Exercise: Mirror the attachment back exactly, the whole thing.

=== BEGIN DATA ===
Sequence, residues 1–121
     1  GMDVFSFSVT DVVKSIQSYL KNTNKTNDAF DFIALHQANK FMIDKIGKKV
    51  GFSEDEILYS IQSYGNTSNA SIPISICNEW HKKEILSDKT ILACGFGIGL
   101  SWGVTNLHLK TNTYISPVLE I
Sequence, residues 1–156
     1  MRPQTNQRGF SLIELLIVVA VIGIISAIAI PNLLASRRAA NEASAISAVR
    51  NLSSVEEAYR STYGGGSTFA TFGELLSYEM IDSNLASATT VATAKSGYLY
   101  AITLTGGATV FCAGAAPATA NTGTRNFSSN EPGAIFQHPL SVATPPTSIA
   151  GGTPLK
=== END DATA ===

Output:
Sequence, residues 1–121
     1  GMDVFSFSVT DVVKSIQSYL KNTNKTNDAF DFIALHQANK FMIDKIGKKV
    51  GFSEDEILYS IQSYGNTSNA SIPISICNEW HKKEILSDKT ILACGFGIGL
   101  SWGVTNLHLK TNTYISPVLE I
Sequence, residues 1–156
     1  MRPQTNQRGF SLIELLIVVA VIGIISAIAI PNLLASRRAA NEASAISAVR
    51  NLSSVEEAYR STYGGGSTFA TFGELLSYEM IDSNLASATT VATAKSGYLY
   101  AITLTGGATV FCAGAAPATA NTGTRNFSSN EPGAIFQHPL SVATPPTSIA
   151  GGTPLK